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Early Triassic Marine Biotic Recovery



Another new paper: 
http://www.plosone.org/article/info%3Adoi%2F10.1371%2Fjournal.pone.0088987;jsessionid=D51520EFE466DC952C242885BED75637


Scheyer TM, Romano C, Jenks J, Bucher H (2014) Early Triassic Marine Biotic 
Recovery: The Predators' Perspective. PLoS ONE 9(3): e88987. 
doi:10.1371/journal.pone.0088987


Examining the geological past of our planet allows us to study 
periods of severe climatic and biological crises and recoveries, biotic 
and abiotic ecosystem fluctuations, and faunal and floral turnovers 
through time. Furthermore, the recovery dynamics of large predators 
provide a key for evaluation of the pattern and tempo of ecosystem 
recovery because predators are interpreted to react most sensitively to 
environmental turbulences. The end-Permian mass extinction was the most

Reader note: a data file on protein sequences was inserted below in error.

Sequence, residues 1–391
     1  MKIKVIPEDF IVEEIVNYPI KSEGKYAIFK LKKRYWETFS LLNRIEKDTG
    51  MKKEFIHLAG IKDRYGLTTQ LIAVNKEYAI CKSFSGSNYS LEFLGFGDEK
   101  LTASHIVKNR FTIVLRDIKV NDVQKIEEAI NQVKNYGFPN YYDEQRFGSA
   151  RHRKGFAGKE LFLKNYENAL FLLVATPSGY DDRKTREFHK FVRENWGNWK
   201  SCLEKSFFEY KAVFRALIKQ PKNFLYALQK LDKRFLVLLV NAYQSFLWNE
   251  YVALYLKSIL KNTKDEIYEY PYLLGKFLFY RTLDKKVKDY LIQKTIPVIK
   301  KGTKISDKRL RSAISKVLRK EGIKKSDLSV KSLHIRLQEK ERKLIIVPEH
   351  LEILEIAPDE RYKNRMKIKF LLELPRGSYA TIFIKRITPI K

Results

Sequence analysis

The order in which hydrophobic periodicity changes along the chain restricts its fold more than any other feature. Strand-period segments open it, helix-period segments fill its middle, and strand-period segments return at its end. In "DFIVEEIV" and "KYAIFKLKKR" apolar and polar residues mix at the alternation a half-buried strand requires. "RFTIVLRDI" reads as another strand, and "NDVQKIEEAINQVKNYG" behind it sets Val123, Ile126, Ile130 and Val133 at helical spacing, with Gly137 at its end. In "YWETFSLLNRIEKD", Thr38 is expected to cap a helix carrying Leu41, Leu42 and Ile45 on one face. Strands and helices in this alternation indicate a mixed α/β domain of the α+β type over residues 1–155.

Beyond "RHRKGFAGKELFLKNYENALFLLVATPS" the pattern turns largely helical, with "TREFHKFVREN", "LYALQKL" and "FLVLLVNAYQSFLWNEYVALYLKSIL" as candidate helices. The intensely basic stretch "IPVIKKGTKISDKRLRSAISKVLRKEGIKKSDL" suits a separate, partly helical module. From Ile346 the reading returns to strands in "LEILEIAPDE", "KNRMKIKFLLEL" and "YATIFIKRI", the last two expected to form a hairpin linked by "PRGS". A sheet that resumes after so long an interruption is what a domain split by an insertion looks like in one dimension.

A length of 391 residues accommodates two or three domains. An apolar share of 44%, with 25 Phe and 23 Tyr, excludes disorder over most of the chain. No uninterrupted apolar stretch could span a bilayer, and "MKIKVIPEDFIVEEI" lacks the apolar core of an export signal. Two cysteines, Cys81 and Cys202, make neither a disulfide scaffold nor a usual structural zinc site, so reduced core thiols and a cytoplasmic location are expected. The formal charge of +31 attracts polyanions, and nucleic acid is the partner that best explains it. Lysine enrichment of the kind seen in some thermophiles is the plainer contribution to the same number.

severe crisis experienced by life on Earth, and the common paradigm 
persists that the biotic recovery from the extinction event was 
unusually slow and occurred in a step-wise manner, lasting up to eight 
to nine million years well into the early Middle Triassic (Anisian) in 
the oceans, and even longer in the terrestrial realm. Here we survey the global 
distribution and size spectra of Early Triassic and Anisian 
marine predatory vertebrates (fishes, amphibians and reptiles) to 
elucidate the height of trophic pyramids in the aftermath of the 
end-Permian event. The survey of body size was done by compiling maximum 
standard lengths for the bony fishes and some cartilaginous fishes, and total 
size (estimates) for the tetrapods. The distribution and size 
spectra of the latter are difficult to assess because of preservation 
artifacts and are thus mostly discussed qualitatively. The data 
nevertheless demonstrate that no significant size increase of predators 
is observable from the Early Triassic to the Anisian, as would be 
expected from the prolonged and stepwise trophic recovery model. The 
data further indicate that marine ecosystems characterized by multiple 
trophic levels existed from the earliest Early Triassic onwards
guilds occurred less than two million years after the end-Permian extinction 
event, in which a transition from fish/amphibian to 
fish/reptile-dominated higher trophic levels within ecosystems became 
apparent.